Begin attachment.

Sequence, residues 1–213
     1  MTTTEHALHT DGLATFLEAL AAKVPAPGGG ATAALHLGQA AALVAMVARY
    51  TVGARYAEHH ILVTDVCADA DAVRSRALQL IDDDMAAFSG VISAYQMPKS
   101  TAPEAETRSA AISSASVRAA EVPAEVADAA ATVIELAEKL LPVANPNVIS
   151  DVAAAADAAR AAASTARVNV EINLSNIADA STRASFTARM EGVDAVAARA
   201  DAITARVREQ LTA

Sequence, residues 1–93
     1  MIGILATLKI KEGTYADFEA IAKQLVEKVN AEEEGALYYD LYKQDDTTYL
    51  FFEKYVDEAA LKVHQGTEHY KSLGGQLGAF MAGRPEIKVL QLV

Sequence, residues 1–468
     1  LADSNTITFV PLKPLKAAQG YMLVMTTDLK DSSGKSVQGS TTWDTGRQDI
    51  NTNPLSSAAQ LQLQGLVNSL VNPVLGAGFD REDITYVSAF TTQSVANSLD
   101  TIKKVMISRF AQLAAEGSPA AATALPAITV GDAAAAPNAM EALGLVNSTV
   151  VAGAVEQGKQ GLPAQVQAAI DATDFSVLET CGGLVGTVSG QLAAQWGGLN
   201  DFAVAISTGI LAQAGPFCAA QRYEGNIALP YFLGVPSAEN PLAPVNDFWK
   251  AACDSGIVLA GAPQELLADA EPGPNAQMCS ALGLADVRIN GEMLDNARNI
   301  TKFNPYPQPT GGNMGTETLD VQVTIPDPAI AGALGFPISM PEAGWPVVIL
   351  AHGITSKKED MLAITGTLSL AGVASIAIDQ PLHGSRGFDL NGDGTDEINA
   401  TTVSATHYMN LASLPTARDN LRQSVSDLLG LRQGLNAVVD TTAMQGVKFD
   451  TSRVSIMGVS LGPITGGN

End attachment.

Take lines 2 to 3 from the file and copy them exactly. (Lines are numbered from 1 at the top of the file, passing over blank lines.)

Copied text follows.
     1  MTTTEHALHT DGLATFLEAL AAKVPAPGGG ATAALHLGQA AALVAMVARY
    51  TVGARYAEHH ILVTDVCADA DAVRSRALQL IDDDMAAFSG VISAYQMPKS